By Mitch Guy

A flurry of eels appeared on Friday afternoon as an attempt to artificially open the mouth of the Powlett River was made by Parks Victoria contractors. rg272016

A flurry of eels appeared on Friday afternoon as an attempt to artificially open the mouth of the Powlett River was made by Parks Victoria contractors. rg272016

THE West Gippsland Catchment Management Authority’s (WGCMA) sudden decision to artificially open the mouth of the Powlett River on Friday has failed, with a lack of river flow blamed for the mouth naturally closing again over the weekend.
Parks Victoria contractors were ordered to attempt the opening with an excavator on Friday, in time for the peak of high tide on dark.
Last year, the closure of the mouth of the river and the WGCMA’s reluctance to artificially open it caused water levels to rise, flooding roads and farmland for two months from May to July.
After 80 per cent of his 36 acre property was inundated with water during last year’s flooding, local resident Robin Lowe has one simple question – why now?
His campaign to either artificially open the mouth or compensate residents affected by subsequent flood waters has been well documented.
The failed opening on Friday has Mr Lowe suspicious of an ulterior motive for the mouth to be opened now.
He believes a letter he penned to Minister for Environment, Climate Change and Water five weeks ago might have something to do with the sudden desire to open
the mouth.
“I basically said we’ve been waiting patiently and I think 11 years is enough time to wait patiently for some sort of result,” he said.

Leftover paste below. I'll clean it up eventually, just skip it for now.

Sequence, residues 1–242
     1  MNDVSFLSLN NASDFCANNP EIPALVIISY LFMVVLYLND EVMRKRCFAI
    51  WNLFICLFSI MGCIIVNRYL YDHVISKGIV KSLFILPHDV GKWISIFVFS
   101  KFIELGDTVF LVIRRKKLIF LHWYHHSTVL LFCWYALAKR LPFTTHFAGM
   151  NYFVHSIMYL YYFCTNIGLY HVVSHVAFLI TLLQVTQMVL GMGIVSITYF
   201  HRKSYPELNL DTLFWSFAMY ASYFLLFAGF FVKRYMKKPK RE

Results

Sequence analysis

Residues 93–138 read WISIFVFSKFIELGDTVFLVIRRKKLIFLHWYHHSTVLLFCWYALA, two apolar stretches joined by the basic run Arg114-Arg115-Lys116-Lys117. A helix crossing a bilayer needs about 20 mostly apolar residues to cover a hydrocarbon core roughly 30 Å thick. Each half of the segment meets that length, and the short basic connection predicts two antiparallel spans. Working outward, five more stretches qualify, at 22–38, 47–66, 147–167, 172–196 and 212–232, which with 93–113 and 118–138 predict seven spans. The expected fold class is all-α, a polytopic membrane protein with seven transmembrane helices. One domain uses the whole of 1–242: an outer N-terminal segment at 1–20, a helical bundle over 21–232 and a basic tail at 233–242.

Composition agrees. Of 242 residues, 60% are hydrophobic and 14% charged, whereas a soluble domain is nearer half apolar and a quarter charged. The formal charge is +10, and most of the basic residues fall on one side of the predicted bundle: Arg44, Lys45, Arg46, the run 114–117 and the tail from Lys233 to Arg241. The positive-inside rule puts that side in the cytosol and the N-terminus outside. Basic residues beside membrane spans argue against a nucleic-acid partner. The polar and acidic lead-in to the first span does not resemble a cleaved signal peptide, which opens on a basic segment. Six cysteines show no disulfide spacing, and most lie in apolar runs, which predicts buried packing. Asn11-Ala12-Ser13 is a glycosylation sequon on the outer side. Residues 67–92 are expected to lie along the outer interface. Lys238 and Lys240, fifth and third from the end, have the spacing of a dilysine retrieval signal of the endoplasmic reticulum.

“I said if you’re not going to support us through this situation that has been created by the change of policy or management, then either pull the plug out and don’t allow it to happen or compensate us.
“If you’re going to keep inundating us then maybe unfortunately we might need to take it through the courts.
“We’re backed into a corner and have nowhere to go. I’ve tried to work with them but how long do you wait?
“I think 11 years has been long enough, while all the time our property has been degraded.”
The possibility that the opening may be to protect the nearby Wonthaggi desalination plant was also raised by Mr Lowe.
But WGCMA CEO Martin Fuller denied the desalination plant had anything to do with the opening and the decision was made by the WGCMA.
Mr Fuller said the WGCMA decided Friday was the most suitable window to conduct a safe opening, based on the water quality and river flow conditions at the time.
“There was never any certainty that it would be sustained due to the amount of river flow and lack of water in the estuary,” he said.
“All decisions to artificially open the estuary mouth during a closure are based on the risk of opening versus not opening the estuary and balancing the environmental needs with socio-economic needs.
“Artificial openings can jeopardise the integrity of the estuarine environment, as many plants and animals found in these environments rely on the natural processes that come with a natural closure and opening.
“Unfortunately there was not enough water in the estuary or river flow for the opening to be sustained and it closed naturally again over the weekend.
“If we decide another opening can be conducted safely based on the risks, feasibility and that conditions are right for the opening to be sustained, then Parks Victoria will carry out this process again.”
On Monday, the flood levels had risen steadily, with Mr Lowe fearful of another significant flood event.
He is now hopeful that the WGCMA will attempt another artificial opening shortly.